Inactive tin mines in Cornwall have been listed alongside monuments like the Taj Mahal in India and natural wonders like the Northern Lights as a must-see sight before you die. The listing was made by US broadcaster CNN, as part of a list of 27 newly identified such sites.
The broadcaster described the Cornish mines, which produced copper and tin in the 18th and 19th centuries as "a thrillingly dramatic counterpoint to the rugged rocks and wild seas of Cornwall's north coast". The site contains remains of over 200 iconic Cornish engine houses; the largest concentration of such monuments anywhere in the world, according to Cornish Mining, the official Web site of the historical site.
UNESCO World Heritage Site
Select mining landscapes across Cornwall and West Devon were inscribed as UNESCO World Heritage Sites in 2006 and these mines also stand as testament to the contribution of Cornwall to industrial growth in Britain.
"Cornwall and west Devon's mining landscape, shaped during a period of intense industrial activity, is testimony to one of the greatest periods of economic, technological and social development Britain has ever known," Cornish Mining stated.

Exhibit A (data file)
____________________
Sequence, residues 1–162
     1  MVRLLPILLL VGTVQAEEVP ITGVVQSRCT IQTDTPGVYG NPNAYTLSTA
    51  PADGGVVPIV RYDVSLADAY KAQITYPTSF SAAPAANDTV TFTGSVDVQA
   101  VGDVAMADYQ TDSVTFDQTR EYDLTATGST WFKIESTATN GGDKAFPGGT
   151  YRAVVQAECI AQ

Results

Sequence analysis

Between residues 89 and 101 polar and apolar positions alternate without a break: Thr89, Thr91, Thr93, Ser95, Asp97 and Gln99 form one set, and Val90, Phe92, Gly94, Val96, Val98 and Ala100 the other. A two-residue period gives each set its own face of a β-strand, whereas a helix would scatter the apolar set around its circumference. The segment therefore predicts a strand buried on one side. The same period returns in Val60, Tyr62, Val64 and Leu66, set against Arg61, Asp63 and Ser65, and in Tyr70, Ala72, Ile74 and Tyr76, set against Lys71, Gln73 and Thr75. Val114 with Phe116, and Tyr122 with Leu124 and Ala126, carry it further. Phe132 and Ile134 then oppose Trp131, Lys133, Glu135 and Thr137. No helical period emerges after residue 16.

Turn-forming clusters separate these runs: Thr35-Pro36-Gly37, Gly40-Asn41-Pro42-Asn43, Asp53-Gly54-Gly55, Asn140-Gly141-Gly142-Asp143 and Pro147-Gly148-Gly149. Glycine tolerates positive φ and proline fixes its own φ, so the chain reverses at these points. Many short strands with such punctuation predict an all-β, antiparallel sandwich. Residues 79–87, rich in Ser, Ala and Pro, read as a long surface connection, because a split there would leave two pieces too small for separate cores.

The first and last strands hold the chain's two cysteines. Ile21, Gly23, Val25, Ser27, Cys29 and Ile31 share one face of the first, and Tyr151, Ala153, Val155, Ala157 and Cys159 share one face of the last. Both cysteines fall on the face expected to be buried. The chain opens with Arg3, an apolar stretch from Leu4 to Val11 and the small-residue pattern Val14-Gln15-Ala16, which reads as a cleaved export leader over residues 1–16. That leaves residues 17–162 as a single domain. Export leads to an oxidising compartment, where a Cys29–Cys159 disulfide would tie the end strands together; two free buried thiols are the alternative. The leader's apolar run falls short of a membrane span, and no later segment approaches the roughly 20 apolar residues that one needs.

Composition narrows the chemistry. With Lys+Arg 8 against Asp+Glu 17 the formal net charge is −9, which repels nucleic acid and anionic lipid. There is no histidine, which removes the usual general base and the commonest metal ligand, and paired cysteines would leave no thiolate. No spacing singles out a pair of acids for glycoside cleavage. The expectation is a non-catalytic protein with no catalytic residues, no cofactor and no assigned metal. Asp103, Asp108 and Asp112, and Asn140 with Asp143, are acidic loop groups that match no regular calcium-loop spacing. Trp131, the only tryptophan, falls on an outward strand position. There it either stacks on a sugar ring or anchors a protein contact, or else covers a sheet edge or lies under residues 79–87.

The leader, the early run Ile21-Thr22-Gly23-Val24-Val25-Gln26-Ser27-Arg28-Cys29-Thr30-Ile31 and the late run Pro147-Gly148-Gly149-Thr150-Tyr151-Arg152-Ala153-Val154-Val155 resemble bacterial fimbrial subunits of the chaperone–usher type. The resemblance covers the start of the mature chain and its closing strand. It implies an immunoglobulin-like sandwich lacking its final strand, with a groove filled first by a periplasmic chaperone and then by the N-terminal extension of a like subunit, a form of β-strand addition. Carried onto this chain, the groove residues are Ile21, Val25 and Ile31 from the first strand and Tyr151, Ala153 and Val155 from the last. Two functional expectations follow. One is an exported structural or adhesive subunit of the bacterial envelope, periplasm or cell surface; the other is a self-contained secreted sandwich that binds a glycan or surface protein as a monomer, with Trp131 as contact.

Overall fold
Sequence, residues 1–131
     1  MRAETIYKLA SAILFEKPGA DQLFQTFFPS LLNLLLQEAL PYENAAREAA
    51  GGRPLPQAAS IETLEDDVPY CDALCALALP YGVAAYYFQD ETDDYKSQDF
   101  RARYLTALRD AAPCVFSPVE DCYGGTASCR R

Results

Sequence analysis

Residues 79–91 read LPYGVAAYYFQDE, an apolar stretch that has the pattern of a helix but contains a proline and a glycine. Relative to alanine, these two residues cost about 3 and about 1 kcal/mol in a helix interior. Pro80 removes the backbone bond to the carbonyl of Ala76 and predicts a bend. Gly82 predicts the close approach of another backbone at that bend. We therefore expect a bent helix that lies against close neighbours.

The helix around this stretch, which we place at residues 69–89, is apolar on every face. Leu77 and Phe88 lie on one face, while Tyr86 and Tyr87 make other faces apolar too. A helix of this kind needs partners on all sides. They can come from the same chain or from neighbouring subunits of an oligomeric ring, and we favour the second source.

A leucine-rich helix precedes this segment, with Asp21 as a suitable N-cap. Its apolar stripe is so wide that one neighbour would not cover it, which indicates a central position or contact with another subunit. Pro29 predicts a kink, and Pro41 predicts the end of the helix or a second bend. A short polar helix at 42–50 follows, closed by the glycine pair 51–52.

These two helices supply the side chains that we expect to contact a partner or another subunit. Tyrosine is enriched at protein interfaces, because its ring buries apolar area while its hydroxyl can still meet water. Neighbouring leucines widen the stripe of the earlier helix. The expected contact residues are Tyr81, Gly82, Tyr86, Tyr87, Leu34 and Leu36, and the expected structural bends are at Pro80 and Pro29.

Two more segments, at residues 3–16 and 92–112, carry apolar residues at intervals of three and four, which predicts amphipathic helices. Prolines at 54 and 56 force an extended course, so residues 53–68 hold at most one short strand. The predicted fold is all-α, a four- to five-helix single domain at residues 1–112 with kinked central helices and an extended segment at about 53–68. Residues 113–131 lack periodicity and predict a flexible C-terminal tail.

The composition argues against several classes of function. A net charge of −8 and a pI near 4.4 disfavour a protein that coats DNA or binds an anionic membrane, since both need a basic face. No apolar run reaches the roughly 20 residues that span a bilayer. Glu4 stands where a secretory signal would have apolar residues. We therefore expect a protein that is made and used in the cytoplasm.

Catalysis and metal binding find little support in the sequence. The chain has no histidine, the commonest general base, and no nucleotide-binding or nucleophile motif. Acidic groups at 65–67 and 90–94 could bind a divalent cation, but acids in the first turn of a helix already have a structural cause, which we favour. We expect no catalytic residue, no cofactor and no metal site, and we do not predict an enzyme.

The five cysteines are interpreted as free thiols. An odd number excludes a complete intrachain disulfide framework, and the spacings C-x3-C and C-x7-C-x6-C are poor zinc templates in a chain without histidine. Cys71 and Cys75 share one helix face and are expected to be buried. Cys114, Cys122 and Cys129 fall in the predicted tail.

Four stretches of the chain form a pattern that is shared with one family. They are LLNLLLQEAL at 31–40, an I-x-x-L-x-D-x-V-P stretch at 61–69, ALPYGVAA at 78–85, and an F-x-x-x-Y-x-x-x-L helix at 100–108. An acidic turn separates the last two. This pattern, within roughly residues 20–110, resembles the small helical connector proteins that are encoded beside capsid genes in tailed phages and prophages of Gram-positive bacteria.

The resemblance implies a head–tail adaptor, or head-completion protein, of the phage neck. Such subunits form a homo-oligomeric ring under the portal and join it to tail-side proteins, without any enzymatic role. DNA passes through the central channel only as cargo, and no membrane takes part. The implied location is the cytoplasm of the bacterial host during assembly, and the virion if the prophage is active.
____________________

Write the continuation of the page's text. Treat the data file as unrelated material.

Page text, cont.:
The Web site added Cornish mines also influenced the course of the Industrial Revolution elsewhere in the world, since the mine workers took their skills and technology to about 175 places across the globe. Cornwall, along with Wes Devon, is considered to the heartland of mining technology in an era which saw the most significant industrial and social impacts around the world.
"Its deep underground mines, engine houses, foundries, new towns, smallholdings, ports and harbours, and their ancillary industries together reflect prolific innovation which, in the early 19th century, enabled the region to produce two-thirds of the world's supply of copper," UNESCO said about the Cornish mines on its official Web site.
End of Cornish Tin Mines
The tin mines of Cornwall shut down by the end of the 19th century, in the wake of increasing competition from the rapidly growing global mining industry. Workers and miners migrated, taking their knowledge and technology to develop tin mines around the world. The last surviving Cornish mine was closed in 1998.
"Cornwall alone is thought to have lost between 250,000 to 500,000 people from around 1815 to 1915, the period defined as 'the Great Migration'. Today, there are an estimated six million people worldwide descended from migrant Cornish mine workers," Cornish Mining speculates.
Check out below a few photographs of the ruins of Cornish tin mines that form picturesque landscapes overlooking the north coast of Cornwall...